Essentially, it's an animated remake of Akira Kurosawa's 1954 classic Seven Samurai. Instead of Samurai, there are "warrior bugs," and instead of grasshoppers, there are actual soldiers. Besides that, there are a few differences between the two!
Mr. & Mrs. Smith Was Beat To The Punch
2005's Mr. & Mrs. Smith stars Brad Pitt and Angelina Jolie, a married couple that both live secret lives as assassins, unbeknownst to one another. Unsurprisingly, their veil of secrecy is eventually lifted when the two are contracted to kill one another, creating quite a complicated situation.
While this makes for a good story, this idea was already explored in the John Houston film Prizzi's Honor 20 years prior to Mr. & Mrs. Smith, making the film appear to be overall unoriginal.
The Boondock Saints Creators Clearly Like Pulp Fiction
It's not news that many directors look up to and want to imitate director Quentin Tarantino, specifically his work Pulp Fiction. This was the case for the 1999 action thriller movie The Boondock Saints, which was written and directed by Troy Duffy.
The film is about two men that become vigilantes after killing members of the Russian Mafia in self-defense. From one screening, it's clear that the film took many ideas from Pulp Fiction, including fake Bible verses, un-chronological storytelling, violence, and more.
Armageddon Is A Tale As Old As Time
Michael Bay's Armageddon in a 1996 science fiction disaster movie that centers on a group of deep-core drillers. In a desperate attempt to save humanity, they are hired by NASA to drill into an incoming asteroid to plant a bomb and blow it up before it reaches Earth.
Although the film was the highest-grossing of 1998, it's hard to ignore its close association with Deep Impact, another disaster movie about a potential mass extinction on Earth due to a massive comet threatening to hit.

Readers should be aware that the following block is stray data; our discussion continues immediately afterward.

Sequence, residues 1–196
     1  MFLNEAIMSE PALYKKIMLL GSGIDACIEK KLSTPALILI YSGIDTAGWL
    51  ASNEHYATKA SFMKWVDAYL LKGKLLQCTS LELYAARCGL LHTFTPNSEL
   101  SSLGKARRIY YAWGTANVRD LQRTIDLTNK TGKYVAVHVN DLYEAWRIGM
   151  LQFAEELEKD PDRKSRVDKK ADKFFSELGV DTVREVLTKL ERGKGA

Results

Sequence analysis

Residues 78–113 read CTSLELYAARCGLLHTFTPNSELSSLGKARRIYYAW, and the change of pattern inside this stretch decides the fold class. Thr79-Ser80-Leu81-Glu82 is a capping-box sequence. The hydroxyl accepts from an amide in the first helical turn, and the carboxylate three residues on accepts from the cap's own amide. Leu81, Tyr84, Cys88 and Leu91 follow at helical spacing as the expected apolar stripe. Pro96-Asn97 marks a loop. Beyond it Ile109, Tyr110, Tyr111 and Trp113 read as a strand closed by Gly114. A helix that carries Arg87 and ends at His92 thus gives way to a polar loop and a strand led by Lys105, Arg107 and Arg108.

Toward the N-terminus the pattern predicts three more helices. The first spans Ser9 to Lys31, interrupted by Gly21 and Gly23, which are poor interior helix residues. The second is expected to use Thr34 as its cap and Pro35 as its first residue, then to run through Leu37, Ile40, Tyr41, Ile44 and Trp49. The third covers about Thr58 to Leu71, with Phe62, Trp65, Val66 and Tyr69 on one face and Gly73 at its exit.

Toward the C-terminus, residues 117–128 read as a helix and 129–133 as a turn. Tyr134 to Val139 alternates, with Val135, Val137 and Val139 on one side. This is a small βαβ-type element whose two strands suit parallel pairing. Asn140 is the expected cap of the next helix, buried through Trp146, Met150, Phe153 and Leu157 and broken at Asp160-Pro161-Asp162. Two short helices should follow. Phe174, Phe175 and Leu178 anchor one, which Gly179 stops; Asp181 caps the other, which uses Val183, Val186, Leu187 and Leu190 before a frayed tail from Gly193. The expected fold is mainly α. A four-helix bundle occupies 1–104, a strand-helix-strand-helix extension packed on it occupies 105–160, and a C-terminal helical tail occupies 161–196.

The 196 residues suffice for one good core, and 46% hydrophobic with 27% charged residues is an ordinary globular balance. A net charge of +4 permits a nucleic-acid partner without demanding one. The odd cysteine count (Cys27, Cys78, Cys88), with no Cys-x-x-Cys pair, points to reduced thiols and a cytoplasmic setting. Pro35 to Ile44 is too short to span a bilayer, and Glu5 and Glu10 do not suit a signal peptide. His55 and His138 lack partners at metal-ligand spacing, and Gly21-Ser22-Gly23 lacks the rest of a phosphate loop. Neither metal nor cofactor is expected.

The Lion King Took All The Credit From Kimba The White Lion
With underlying themes derived from the Bible and Shakespeare's Hamlet, 1994's The Lion King is cited as one of the most successful films during the Disney Renaissance. While there's little argument about the cultural impact The Lion King has made, those that follow Japanese cartoons may notice striking similarities between the 1960s anime Kimba the White Lion.
Kimba was also about a young cub that grows up to return to his rightful place as king. On top of similarities in the plot, originally, Simba in the Disney film was supposed to be white too! While the studio that made Kimba debated on suing Disney, they concluded that the company was too big to take on.
Black Swan Or Perfect Blue?
In 2010, Black Swan wowed audiences for several reasons, including its emotional depth, impressive ballet performances, and controversial themes such as sexuality and mental health.
The film appeared to be totally original except for some Japanese anime fans that may have noticed similarities between it and Perfect Blue. Perfect Blue is an anime about a pop star under so much pressure that she begins to lose her grasp on reality. The two works even share a scene in which the two girls battle with their "double," ending in smashing some glass.